Newly released interactive infographics show how the so-called “globalized diet” has emerged. They unearth a number of surprises about the foods we eat across the world. Who’d have thought that Cameroonians officially consume the greatest variety of food crops, or that the global average diet looks a lot like what Cape Verdeans eat every day? These are just some of the nuggets you can explore in a new interactive website on the status and trends of the global diet.
Over the past few years, the Malawi tea industry has seen a decrease in production mainly because of erratic rainfall, which has led to either floods or droughts.
Outlines what CIAT is doing with partners, to assess the impact of various soil conservation practices on Greenhouse Gas (GHG) emissions from agricultural soils in India.
Opinion piece: Dr. Robin Buruchara, Director of the Pan-Africa Bean Research Alliance (PABRA).
To address all the SDG’s, we’re going to need to think like farmers. That means taking a systems approach that includes all kinds of agro-ecological farm systems. This mantra echoed through all the sessions at the Ecosystem Services Partnership Conference: Ecosystem Services for SDGs in Africa. Goals, 2, 5, 6, and 15 were in the spotlight, and to meet them, we have to think broadly and holistically.
Capacity building on LINK and Value Chain for Nutrition in Normandy, France, in September 2016 (ACF-CIAT).
When many people hear the word cassava, they immediately think of a subsistence crop. Is this really the case? It depends on who you ask.
Four solutions lie in how we farm our food and treat our landscapes: this session aims to throw light on some of the tools that can tackle climate change head-on. During this session, we called on the audience at the Global Landscape Forum, an event at the 22nd...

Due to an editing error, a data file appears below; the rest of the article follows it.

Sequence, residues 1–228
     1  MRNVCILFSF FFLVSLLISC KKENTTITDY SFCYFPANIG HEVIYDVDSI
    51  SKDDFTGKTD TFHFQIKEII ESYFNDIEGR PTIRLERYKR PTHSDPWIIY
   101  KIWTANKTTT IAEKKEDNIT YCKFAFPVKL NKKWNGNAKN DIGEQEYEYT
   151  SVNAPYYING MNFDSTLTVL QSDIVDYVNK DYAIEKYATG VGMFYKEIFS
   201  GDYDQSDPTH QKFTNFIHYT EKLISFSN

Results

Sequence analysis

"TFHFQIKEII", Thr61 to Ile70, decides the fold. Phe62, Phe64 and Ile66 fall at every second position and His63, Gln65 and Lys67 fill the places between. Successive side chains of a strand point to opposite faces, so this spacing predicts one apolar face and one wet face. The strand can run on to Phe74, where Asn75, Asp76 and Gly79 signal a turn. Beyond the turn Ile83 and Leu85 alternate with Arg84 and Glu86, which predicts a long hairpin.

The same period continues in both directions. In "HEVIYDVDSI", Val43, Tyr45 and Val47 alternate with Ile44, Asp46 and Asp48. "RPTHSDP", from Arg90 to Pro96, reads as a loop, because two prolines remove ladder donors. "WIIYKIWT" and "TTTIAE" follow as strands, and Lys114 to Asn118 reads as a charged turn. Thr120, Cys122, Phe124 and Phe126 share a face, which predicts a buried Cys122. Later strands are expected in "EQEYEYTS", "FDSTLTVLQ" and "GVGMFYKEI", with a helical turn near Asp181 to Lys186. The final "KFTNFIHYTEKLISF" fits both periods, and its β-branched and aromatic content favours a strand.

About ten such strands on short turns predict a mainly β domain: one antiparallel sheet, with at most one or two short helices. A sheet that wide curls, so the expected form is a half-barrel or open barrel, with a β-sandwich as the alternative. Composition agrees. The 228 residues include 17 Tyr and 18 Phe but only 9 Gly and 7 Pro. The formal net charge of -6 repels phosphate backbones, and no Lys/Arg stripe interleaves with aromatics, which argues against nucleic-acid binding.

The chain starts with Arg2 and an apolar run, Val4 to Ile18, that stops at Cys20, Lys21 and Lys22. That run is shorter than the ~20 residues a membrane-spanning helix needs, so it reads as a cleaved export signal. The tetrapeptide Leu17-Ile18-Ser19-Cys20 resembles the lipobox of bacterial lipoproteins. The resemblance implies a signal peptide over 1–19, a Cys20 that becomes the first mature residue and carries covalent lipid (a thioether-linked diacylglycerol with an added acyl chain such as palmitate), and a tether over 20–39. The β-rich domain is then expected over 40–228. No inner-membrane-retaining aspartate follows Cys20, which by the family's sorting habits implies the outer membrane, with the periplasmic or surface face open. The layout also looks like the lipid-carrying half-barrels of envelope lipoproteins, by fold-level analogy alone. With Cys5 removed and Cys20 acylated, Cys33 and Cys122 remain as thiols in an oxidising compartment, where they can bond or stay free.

Study finds 40% more milk and tens of millions of dollars in revenue possible for African farmers adopting new drought-resistant pasture grass
Climate-smart varieties of brachiaria grass can survive harsh conditions while reducing the environmental impact of livestock production.
Building on its success in Central and South America, the collaborative work on value chain development and inclusive business between CIAT and Heifer International has expanded to 13 countries from Asia and Africa—again, in the form of a Learning Cycle around the LINK methodology.
CIAT in Africa
CIAT’s vision of the promise of tropical agriculture is especially relevant to sub-Saharan Africa. Nowhere does the well-being of so many people depend so much on a concerted effort to realize farming’s potential for reducing chronic hunger, opening pathways out of rural poverty, enhancing human nutrition, and improving the management of natural resources. CIAT works especially on the following topics:
- Eco-Efficient Smallholder Farming
- Bean Revolution
- Soils and Sustainable Development
- Feeding the Livestock Revolution